The Jewish Cemetery on Okopowa (known as the cemetery on Gęsia before WWII) was established in 1806 on the initiative of the Jewish Community in Warsaw. It is the largest Jewish cemetery in the capital city of Poland, the second largest Jewish cemetery in Poland, and one of the largest Jewish cemeteries in the world. Over 80 thousand matzevot were identified during the inventorying of its assets.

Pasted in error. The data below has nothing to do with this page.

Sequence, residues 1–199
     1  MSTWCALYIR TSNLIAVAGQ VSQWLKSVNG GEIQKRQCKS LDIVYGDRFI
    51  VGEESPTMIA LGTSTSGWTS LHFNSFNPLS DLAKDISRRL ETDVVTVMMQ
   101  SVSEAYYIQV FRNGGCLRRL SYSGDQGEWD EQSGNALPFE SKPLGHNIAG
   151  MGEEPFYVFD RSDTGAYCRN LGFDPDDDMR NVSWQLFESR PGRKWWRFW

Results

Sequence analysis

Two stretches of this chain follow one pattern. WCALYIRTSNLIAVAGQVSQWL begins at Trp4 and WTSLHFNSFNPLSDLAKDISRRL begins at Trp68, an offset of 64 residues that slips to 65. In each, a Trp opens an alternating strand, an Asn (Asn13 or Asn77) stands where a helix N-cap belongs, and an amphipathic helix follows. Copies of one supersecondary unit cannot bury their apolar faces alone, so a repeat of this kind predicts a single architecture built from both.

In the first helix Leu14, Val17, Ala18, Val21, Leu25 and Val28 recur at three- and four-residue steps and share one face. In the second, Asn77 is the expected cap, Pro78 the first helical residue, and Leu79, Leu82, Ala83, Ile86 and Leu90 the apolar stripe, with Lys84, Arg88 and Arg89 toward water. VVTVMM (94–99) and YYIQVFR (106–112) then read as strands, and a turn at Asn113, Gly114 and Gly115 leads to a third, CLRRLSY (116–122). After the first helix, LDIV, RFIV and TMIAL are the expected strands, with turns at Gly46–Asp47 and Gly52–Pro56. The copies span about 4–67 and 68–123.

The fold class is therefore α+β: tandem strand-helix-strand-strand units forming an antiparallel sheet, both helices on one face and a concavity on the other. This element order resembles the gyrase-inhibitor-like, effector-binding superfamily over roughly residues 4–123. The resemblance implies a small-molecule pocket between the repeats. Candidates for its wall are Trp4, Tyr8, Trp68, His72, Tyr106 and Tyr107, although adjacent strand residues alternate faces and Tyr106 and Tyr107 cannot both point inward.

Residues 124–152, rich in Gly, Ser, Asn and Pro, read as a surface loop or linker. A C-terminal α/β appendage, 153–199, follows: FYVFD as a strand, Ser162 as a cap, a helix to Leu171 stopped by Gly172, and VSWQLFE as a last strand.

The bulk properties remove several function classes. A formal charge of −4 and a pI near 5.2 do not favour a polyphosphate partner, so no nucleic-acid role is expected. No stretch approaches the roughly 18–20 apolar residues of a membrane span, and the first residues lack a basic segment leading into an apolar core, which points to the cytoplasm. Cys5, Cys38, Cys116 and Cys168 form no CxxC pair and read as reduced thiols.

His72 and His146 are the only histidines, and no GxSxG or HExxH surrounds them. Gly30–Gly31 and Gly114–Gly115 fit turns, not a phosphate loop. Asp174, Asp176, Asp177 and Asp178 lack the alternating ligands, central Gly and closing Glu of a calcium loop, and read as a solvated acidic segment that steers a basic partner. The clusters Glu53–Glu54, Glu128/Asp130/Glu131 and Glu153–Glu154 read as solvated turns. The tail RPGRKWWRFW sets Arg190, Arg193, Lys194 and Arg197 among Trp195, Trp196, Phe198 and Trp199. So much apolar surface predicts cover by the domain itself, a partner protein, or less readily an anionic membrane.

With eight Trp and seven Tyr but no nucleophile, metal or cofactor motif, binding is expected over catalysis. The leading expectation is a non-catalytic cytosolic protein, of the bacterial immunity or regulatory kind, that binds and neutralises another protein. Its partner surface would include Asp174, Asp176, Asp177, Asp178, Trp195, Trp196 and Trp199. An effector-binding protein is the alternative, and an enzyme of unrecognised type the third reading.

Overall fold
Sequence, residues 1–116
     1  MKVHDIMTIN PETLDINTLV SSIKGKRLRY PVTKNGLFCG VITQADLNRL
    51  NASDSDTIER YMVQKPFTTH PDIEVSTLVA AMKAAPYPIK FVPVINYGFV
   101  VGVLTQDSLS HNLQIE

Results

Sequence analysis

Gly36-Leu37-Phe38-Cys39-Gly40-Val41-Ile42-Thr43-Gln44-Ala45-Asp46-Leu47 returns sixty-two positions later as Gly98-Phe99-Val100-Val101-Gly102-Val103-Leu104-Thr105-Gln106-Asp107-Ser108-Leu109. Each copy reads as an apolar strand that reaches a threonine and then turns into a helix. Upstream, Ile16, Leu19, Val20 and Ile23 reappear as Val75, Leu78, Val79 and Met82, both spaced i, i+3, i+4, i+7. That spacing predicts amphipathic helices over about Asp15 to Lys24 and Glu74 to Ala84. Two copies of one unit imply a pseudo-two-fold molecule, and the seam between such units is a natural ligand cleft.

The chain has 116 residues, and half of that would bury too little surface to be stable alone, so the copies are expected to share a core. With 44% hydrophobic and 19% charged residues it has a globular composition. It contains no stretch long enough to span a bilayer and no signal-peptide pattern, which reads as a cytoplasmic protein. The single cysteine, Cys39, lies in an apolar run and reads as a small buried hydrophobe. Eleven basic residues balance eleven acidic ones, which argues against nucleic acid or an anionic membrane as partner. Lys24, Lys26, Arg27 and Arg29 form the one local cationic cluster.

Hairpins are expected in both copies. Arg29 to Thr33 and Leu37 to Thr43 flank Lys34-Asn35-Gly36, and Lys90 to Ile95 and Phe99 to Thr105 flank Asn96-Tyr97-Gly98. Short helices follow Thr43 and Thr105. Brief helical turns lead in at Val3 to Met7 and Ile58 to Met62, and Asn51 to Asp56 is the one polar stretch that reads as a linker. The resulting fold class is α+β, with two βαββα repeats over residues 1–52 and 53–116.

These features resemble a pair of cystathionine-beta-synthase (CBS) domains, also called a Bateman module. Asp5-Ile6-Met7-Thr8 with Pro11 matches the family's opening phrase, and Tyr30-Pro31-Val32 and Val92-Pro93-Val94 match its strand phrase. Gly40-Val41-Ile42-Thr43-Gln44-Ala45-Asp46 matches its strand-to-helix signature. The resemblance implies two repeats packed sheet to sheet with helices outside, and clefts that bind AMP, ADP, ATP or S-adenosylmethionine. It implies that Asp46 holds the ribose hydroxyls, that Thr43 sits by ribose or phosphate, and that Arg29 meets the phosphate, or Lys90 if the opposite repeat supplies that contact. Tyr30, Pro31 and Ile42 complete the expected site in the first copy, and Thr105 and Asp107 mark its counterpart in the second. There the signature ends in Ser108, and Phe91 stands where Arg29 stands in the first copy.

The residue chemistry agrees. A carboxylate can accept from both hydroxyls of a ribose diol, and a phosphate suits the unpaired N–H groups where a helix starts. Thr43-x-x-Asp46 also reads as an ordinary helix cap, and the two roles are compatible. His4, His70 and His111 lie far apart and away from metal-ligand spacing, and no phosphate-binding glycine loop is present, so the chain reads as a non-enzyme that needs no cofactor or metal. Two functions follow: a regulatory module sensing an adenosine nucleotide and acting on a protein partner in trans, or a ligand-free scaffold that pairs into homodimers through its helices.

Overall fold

Together with five other religious cemeteries found in Warsaw’s Powązki it forms a historic complex recognized in 2014 as a Historic Monument. The cemetery is a remarkable collection of various forms of sepulchral sculpture. But most of all, it is the final resting place of many outstanding clergymen, scientists, industrialists, writers, soldiers, and social activists. This is where the tombs of Ludwik Zamenhof, the inventor of Esperanto, or of Marek Edelman, the leader of the Warsaw Ghetto Uprising, can be found.